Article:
Bright and early this morning, you packed a ham sandwich to enjoy for lunch later today on your boat. Admittedly, your day of fishing hasn’t quite gone how you expected, and now you’re out of usable bait. Can you take some ham out of your sandwich as bait or do you have to turn in early today?
Yes, you can use ham for fish bait by cutting or breaking the lunchmeat off into small pieces and attaching it to your line. You could attract fish species like carp, trout, bass, bluegills, and red-ear sunfish. Uncooked bacon works as well if you don’t mind sparing some.
Wait, you can really use ham for fish bait? Yes, you can, and in this article, we’ll explain all the ins and outs of doing so. You’ll learn more about the fish species that like ham, how to use ham effectively to catch more fish, and whether bacon has the same effect on fish. You won’t want to miss it!
Can You Use Ham as Bait to Catch Fish?
Running out of bait is one of the worst feelings in the world. Perhaps you realize, to your horror, that you had completely forgotten your refrigerated live bait when you packed up for your fishing trip earlier. Maybe your fishing day has been so busy that you ran out of bait, as we mentioned in the intro.
Either way, this is the time when any fisherman or woman faces a dilemma: do you stay the course and get crafty with your bait choices, or do you go home and try again tomorrow?
We always appreciate a crafty choice of bait, and ham is certainly crafty. Since it’s a popular and reasonably priced lunchmeat, we’d bet you have a ham sandwich packed in your mini cooler right now. If you unpeel the plastic wrap, take out a piece of ham, and toss it into the lake, what would happen?
You’d get a bite on your line, that’s what would happen. As we’ll talk about a little later, many fish species find ham amenable either because they like the taste or they just prefer food over a plastic bobber.
Now, is ham the best choice for a fish? Not really, for just the same reasons why it’s not the best choice for you either. Ham, especially deli ham, is laden with preservatives and salt.
If you’re catching and then releasing your fish, for their long-term health, maybe don’t give them ham. However, if the fish you’re catching are yours and they’re going to end up as tonight’s dinner anyway, then feeding them ham doesn’t matter as much.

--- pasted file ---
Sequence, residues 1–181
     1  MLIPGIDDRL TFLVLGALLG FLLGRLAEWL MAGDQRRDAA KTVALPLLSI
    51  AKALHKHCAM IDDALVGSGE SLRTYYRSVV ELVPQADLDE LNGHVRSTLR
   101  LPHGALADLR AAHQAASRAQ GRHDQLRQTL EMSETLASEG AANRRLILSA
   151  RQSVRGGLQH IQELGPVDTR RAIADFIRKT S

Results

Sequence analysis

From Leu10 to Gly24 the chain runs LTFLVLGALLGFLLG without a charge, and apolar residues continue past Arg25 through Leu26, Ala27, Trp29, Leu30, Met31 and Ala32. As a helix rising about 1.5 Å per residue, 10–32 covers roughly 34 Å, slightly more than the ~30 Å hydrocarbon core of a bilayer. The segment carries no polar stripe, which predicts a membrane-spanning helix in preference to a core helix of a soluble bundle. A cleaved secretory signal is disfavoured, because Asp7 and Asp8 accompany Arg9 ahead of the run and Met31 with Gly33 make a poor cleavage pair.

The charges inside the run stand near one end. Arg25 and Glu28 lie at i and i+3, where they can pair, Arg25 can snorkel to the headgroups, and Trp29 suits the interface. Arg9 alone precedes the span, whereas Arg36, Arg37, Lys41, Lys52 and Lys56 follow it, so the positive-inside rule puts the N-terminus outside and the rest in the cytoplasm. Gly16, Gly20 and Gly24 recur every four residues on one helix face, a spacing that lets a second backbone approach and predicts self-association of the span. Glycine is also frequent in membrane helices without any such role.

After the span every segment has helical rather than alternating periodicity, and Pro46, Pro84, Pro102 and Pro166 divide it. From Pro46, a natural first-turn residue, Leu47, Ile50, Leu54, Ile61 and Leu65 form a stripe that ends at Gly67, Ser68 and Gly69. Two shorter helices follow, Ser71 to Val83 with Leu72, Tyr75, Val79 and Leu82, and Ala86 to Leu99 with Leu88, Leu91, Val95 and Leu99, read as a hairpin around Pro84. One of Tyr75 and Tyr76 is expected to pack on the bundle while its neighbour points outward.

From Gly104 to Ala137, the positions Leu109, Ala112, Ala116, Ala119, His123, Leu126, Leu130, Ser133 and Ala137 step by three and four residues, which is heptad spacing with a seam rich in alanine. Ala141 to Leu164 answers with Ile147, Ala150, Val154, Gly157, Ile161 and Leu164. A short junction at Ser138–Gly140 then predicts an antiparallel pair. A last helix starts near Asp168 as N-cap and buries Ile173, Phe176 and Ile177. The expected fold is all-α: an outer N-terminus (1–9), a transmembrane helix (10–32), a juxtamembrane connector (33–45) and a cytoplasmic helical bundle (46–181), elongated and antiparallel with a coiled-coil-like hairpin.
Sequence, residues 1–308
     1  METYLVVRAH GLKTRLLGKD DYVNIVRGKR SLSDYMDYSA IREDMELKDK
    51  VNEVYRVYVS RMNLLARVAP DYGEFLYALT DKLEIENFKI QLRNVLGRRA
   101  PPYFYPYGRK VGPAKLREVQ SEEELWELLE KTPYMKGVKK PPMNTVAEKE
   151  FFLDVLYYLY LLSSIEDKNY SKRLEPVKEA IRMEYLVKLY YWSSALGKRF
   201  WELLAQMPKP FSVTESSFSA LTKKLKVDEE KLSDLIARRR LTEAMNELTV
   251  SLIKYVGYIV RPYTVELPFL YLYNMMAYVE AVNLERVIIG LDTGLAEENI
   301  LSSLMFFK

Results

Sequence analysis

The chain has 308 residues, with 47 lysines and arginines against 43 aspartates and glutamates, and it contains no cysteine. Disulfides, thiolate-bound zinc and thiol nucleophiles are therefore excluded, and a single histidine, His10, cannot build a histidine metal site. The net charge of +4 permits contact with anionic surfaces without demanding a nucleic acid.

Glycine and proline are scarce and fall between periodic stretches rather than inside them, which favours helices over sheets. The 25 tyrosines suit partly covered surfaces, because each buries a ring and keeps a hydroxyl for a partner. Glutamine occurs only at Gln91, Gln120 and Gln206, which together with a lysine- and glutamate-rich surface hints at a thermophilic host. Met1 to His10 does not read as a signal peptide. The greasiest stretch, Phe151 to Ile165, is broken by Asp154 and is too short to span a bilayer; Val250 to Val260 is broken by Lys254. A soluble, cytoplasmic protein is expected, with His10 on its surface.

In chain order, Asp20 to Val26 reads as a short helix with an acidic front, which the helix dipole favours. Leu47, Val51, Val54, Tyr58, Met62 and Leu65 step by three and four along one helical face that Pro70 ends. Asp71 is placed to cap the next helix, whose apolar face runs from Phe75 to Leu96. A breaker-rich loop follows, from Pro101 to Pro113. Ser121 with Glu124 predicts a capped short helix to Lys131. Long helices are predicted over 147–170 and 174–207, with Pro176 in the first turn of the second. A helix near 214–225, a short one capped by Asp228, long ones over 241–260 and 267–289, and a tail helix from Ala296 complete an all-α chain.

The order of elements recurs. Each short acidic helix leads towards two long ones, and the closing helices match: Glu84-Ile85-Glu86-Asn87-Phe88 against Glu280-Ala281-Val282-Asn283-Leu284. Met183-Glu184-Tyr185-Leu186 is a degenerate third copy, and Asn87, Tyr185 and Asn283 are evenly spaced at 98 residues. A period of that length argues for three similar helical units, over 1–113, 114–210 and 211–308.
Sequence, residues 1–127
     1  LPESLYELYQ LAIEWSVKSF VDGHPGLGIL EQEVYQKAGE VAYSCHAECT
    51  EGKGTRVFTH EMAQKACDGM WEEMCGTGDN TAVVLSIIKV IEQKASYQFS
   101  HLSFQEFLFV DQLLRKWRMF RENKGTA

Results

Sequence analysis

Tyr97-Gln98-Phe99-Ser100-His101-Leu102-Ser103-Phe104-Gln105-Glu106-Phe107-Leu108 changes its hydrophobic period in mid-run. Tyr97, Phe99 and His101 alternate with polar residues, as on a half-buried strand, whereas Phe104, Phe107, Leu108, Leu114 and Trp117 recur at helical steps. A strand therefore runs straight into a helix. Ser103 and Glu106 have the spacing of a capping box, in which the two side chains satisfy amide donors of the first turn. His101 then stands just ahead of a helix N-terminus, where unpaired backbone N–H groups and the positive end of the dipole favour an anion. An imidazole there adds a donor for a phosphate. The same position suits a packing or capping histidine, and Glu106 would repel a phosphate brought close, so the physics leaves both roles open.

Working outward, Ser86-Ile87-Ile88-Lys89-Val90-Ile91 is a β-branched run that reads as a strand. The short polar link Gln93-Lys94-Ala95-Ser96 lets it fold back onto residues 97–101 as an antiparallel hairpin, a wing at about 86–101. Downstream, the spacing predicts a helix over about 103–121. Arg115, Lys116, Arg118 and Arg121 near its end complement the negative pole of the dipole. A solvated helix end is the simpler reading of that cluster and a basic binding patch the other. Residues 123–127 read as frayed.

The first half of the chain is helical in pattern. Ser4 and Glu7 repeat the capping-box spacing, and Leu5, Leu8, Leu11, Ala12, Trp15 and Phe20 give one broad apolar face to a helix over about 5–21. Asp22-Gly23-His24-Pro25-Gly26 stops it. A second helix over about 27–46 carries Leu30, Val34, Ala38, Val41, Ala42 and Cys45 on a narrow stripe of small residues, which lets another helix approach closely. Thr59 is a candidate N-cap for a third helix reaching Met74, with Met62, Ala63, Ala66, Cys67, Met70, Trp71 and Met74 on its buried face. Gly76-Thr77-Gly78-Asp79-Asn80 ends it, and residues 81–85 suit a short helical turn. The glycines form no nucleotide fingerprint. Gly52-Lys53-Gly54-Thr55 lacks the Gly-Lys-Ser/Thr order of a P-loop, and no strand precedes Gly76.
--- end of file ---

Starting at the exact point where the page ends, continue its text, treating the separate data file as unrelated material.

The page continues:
What about Bacon? Do Fish Like It?
Both ham and bacon are pork, so you figured that if you can use one as fish bait that surely the other will work as well, right? Well, yes and no.
If you brought a BLT with you for lunch on your fishing trip, you can’t just take out the cooked bacon and throw it into the water. Fish will usually only bite for uncooked bacon.
Should you decide to use bacon for fish bait, select pieces that are predominantly fatty with little lean meat. You’ll be able to tell you have the right ratio because the bacon will be whiter or beiger than it is red or brown.
Then pack the bacon in an airtight plastic zippy bag. When the time comes to use the bait, take one piece of bacon, fold it on itself twice, and then attach it to your hook.
Do a lot of fishermen and women use bacon as bait? No, and rightfully so! Compared to ham, bacon is a lot more expensive. Even the fattier pieces can be salvaged.
Plus, most people love bacon, even those who might not necessarily like ham. The thought of using bacon as fish bait would be very upsetting to them.
The biggest disadvantage to using bacon as fishing bait is that it needs to be uncooked. Not a lot of people go around with uncooked bacon in their pockets.
All that said, bacon is an option you can fall back on if need be, but really only as a last resort.
Which Fish Are Attracted to Ham?
Getting back to ham now, are you wondering which fish species you can catch with this deli meat? The list is quite extensive, so let’s get into it now.
The standard diet of a wild carp includes plant matter, algae, mollusks, crustaceans, aquatic worms, and insects, but this is one fish species that readily welcomes people food into its everyday diet. Carp will eat everything from peanut butter balls to corn kernels.
Yet you don’t have those foods as bait, you have ham. That’s okay for carp too. This fish isn’t very discerning and will try to eat whatever food source comes floating by. Using ham as bait is your perfect chance to reel in a huge carp and impress all your friends!
Trout eat eel, insects, bloodworms, mealworms, shrimp, zooplankton, and mollusks, which tells us they’re carnivorous. You might have heard that trout will ignore some people food, but this simply isn’t true. Trout are not picky fish and will eat ham as well as other edible bait if you put it out on your fishing line.
Catching rainbow trout especially is easy with live bait, as this species is known for its reduced aggression compared to lake trout and brown trout. You can still catch those trout with ham, but be prepared for more of a struggle.
You’re fishing for some largemouth bass. Since these creatures are known to eat large prey such as frogs and crayfish, you figure there’s no way you can hook a bass with ham alone, right? You can, but you’ll likely need more sizable portions of ham than a few cubes here and there.